Growing up in a small town on the central coast of California, I always thought of June through August as the foggy season. Technically, it is. Dry heat inland pulls cool air and clouds from out over the water onto the coast covering the shoreline with damp, grey fog for much of the summer. The only time I really minded so much was on the 4th of July. Hopeful for a clear night, my family would always pack snacks and hot cocoa and head down to the harbor to claim our prime fireworks viewing spot. Every other year (or so) we were disappointed. We could see each rocket shoot up, disappear into the clouds and then the fog would take on a pulsing green or red color for a few seconds, followed by a giant boom. Not all was lost, we still had our town parade and the chance that *this* year it would be clear enough to see every last sparkle.
What I could count on was that each 4th of July afternoon, as it was getting dark in Boston, the most amazing fireworks show over the Charles River was broadcast nationwide on A&E. Here the pyrotechnics were synched to a musical score and prior to the show there was always a lively orchestra performance of Tchaikovsky’s “1812 Overture” complete with cannons. This seemed to be the ultimate in patriotic celebration. (Note: Looking to link to A&E, I notice they no longer show the broadcast. This makes me a little sad. And old.)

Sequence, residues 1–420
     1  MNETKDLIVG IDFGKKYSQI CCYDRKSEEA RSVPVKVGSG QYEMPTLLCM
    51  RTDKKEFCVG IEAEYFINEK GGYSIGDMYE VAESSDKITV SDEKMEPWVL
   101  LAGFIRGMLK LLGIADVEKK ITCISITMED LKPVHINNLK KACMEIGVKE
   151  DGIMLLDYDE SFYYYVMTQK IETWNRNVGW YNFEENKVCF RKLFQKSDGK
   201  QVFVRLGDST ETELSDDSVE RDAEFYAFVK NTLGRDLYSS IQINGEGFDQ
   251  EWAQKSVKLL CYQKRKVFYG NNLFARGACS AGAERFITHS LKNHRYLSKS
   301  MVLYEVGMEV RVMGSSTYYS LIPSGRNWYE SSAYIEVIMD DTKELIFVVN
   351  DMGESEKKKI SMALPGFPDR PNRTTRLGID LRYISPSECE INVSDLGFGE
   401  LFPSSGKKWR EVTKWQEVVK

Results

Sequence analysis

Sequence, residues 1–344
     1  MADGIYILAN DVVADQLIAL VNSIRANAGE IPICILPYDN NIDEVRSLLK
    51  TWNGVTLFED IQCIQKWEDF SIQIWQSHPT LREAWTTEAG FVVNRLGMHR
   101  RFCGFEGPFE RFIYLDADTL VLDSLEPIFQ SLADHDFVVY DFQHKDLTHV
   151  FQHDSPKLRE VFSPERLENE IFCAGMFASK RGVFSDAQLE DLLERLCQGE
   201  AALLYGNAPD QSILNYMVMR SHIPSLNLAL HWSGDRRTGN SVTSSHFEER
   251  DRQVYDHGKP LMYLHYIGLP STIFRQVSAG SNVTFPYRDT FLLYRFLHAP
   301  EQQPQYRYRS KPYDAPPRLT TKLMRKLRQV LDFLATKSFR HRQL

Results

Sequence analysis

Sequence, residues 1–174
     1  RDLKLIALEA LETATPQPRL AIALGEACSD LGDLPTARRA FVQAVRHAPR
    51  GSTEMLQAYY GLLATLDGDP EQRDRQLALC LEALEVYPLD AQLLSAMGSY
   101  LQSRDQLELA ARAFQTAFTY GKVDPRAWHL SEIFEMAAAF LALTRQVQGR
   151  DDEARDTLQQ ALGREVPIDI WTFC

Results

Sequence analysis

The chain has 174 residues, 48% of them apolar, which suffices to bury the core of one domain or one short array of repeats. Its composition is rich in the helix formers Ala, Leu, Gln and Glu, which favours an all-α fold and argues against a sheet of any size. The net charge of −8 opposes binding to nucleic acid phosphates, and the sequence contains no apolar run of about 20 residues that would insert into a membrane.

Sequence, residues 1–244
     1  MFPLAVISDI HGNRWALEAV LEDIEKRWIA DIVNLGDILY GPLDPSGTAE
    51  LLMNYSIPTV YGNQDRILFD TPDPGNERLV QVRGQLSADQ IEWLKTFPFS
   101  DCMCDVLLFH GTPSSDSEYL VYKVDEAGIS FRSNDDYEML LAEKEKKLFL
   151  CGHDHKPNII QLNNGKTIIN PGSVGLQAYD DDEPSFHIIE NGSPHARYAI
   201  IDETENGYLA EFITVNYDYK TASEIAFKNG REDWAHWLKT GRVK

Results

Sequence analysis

For the seven years I was in graduate school in Boston, I made it to the oversized celebration on the Esplanade three times. It was everything I had imagined it to be and more. I love my country, but I have never been the outspoken, “my country is the best”, flag-waving type. Clearly, as I am typing this on a quiet Sunday afternoon in Paris, I have yearned to live outside of our borders. However, I can say, without a doubt, that few things have warmed my heart more than standing as one among 1 million spectators, watching fire light up the sky and singing “America the Beautiful” in unison. I miss that today.
I know that I will get more than my fill of picnics and fireworks in 10 days (Bastille Day). And, I certainly am not missing (at all) the crush of humanity arriving on the river and, more so, leaving after the spectacle. However, for the sense of camaraderie and belonging (if just for one day) there are a few events that I miss by being here when I am just plain homesick, and (predictably) this is one of them. I hope you are all having a wonderful (and safe) holiday full of family, friends, food and fireworks. Enjoy and light a sparkler for me!